To make sure you never miss out on your favourite NEW stories, we're happy to send you some reminders

Click 'OK' then 'Allow' to enable notifications

Dolphin held in captivity for 40 years suffers horrific death after plastic thrown into tank

Dolphin held in captivity for 40 years suffers horrific death after plastic thrown into tank

The plastic was supposed to make her happier

A dolphin that was held in captivity for 40 years suffered a horrific death.

The oldest dolphin at Sweden’s Kolmarden Zoo, Nephele died after choking on some plastic that was thrown into her tank.

Popular with crowds after ‘performing’ there for decades, she had some fake seaweed in her tank which was supposed to be a boost to her mood.

The dolphin was a popular feature. Credit:YouTube/Diversia
The dolphin was a popular feature. Credit:YouTube/Diversia

But instead, a check-up found that the plastic plant had got stuck in her throat, killing her instead of making her happier.

Before her tragic death (reported to be in January this year), the Swiss zoo said she was fine, but then started to act strangely and sank down in her tank.

And unfortunately, Nephele died before the zoo vet could help her.

Head animal doctor at Kolmarden Zoo, Bim Boijsen told local media: “It was a quick process. When the vet arrived at the scene, she had already passed away. It is very sad. Nephele was a much-loved dolphin.”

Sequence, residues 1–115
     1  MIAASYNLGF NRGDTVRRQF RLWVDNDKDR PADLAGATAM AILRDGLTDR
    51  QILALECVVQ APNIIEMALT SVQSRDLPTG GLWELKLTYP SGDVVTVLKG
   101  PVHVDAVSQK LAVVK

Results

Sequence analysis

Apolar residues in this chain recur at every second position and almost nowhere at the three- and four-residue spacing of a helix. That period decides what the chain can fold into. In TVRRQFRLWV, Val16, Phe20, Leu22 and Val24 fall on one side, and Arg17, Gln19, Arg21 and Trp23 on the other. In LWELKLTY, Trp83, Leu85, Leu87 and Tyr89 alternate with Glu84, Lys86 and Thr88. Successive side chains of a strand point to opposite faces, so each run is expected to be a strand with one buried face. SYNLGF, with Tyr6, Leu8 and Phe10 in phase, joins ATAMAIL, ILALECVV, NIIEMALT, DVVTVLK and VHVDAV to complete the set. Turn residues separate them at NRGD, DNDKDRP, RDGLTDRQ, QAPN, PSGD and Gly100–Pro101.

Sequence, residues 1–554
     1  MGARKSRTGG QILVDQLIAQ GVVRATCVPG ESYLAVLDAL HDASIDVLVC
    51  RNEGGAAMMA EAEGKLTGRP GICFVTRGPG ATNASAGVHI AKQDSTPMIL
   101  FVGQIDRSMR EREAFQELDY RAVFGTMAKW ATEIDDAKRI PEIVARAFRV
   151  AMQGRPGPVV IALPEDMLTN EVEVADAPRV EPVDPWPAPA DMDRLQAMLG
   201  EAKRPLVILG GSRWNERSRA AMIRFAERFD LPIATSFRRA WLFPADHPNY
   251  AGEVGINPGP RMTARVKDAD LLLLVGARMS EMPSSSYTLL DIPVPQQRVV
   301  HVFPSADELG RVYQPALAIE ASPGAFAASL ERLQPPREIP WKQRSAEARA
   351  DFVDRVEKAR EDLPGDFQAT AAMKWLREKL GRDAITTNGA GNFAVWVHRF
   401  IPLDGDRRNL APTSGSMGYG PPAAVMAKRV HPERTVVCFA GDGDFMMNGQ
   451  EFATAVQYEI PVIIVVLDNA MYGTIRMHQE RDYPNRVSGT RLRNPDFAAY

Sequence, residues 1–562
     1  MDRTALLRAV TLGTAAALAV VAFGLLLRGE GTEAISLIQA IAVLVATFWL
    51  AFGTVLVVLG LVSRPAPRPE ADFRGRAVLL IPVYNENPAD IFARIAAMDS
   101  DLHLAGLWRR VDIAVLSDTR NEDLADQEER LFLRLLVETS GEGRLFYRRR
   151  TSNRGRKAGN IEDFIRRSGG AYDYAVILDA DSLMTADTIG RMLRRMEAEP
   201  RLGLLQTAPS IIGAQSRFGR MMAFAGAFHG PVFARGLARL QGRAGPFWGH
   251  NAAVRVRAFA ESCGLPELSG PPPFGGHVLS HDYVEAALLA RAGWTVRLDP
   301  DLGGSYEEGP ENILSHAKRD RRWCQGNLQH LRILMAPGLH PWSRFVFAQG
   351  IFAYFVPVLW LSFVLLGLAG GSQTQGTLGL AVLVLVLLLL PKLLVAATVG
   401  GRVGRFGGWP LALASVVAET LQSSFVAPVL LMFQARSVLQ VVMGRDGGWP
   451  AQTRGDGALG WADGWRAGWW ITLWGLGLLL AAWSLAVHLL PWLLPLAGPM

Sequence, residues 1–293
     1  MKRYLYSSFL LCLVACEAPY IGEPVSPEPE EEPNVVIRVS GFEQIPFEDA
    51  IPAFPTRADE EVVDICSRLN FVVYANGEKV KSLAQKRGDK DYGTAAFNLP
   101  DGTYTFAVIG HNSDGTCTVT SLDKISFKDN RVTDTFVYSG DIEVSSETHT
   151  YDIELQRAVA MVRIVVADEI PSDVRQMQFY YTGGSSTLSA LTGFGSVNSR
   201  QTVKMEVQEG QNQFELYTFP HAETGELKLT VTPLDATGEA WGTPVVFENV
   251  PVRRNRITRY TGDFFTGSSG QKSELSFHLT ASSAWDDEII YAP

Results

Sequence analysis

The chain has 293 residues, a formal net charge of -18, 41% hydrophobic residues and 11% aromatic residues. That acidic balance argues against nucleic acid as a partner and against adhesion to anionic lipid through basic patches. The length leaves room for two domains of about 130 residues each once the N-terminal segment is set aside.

Boijsen added how the zoo places these fake plants to the tanks to make them more fun and ‘stimulate the animals’, but they have now removed all of them.




Danny Groves, Head of Communications at Whale and Dolphin Conversation, commented on the sad death for Newsweek.

“Like us, dolphins need to come to the surface to breathe, and choking in this way must have been a traumatic experience for Nephele,” he said.

As reported by Dolphin Project, Daniel Rolke, founder of The Animal Rights Alliance in Sweden, says Nephele was once ‘Mandy’ and was bought by Kolmarden with Cindy in 1994.

Nepehele spent decades in captivity.
Getty stock image

“The purchase was controversial, and at first, the Swedish Environmental Protection Agency refused to allow them to be imported into Sweden, as bottlenose dolphins were on the CITES Appendix II list, which meant that they could only be imported from the country where they were born or captured. Cindy and Mandy, who were nine-years-old at the time, had been captured in Florida, United States in 1989,” he said.

After the submission of a new application referencing ‘research’ on the dolphins, the pair were imported and renamed Nephele and Delphi to ‘make people forget the connection’.

“Delphi died at Kolmarden Zoo in 2007, in connection with a birth. And now Nephele is gone, too,” he added.

The zoo in Sweden announced back in 2022 that it would be closing its dolphin exhibit. However, a number of dolphins remain at the zoo, while it continues to face criticism.

LADbible has contacted Kolmarden Zoo for comment.

Featured Image Credit: YouTube/Diversia

Topics: Environment, Animals, World News